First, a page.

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Chinese Foreign Direct Investments - Scopes, Forms and Motives

by Carolina Sohn (Author) Brigitte Stark (Author) Michel Heck (Author)

Essay 2005 21 Pages

Business economics - Business Management, Corporate Governance

Excerpt

INDEX

1. Introduction

2. Definition: Foreign direct investment

3. Scope of Chinese FDIs

4. Forms of Chinese FDIs

5. Motives behind Chinese FDIs

6. Governmental Actions

7. Chinese FDIs in Germany

8. Problems and Obstacles

9. Outlook

Appendix

Bibliography

1. Introduction

Since the initiation of economic reforms in 1979, China has become one of the world’s fastest-growing economies. From 1979 to 2004 China’s real GDP grew at an average rate of 9.3 %[1] and many economists speculate that China could become the world’s largest economy at some point in the near future if the government continues and deepens its economic reforms.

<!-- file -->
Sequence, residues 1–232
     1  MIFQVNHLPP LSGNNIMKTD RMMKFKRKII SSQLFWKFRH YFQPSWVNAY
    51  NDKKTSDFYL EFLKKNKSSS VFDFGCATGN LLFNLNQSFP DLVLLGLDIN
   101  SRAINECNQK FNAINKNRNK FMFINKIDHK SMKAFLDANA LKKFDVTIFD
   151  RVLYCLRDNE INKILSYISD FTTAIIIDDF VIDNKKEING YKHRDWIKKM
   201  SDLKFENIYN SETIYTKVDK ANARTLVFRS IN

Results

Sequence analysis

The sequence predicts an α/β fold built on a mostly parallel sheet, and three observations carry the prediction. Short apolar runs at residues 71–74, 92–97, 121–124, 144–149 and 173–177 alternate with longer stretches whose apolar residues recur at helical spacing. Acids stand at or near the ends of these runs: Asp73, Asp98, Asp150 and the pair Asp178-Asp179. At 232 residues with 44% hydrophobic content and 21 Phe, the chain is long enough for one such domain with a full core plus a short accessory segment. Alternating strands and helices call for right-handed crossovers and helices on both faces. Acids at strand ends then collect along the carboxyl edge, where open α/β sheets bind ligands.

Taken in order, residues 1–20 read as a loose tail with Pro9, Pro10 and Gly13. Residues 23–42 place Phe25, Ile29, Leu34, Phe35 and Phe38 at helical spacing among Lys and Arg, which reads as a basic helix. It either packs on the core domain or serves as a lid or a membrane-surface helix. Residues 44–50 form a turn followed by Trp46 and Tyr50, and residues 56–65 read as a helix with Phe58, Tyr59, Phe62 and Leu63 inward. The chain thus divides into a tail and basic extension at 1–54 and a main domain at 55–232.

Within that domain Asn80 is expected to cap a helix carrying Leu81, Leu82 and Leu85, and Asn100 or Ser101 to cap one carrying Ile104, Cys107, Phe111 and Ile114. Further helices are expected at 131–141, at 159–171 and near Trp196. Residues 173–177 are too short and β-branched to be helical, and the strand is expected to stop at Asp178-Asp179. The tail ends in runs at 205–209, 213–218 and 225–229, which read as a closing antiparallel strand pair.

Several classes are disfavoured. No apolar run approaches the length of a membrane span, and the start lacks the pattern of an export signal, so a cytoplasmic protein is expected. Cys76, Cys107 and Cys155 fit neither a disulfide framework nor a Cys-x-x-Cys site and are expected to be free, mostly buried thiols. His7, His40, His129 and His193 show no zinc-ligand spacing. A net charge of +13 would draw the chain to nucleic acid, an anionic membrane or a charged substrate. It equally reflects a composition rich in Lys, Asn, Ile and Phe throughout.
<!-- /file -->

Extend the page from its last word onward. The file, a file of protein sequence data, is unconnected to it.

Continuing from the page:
Moreover, trade continues to play a major role in China’s booming economy. In 2004, exports accounted for US$ 593 billion and imports for US$ 561 billion which makes China the third-largest trading economy worldwide.[2] China’s trade boom is largely due to the inflow of foreign direct investment (FDI).

Most people know that China is a magnet for FDI and that it attracts more than any other country. In 2003 mainland China surpassed the United States as the largest FDI recipient. One year later the FDI inflow reached US$ 61 billion[3] resulting in a cumulative level of FDI of US$ 563 billion[4] at the end of 2004.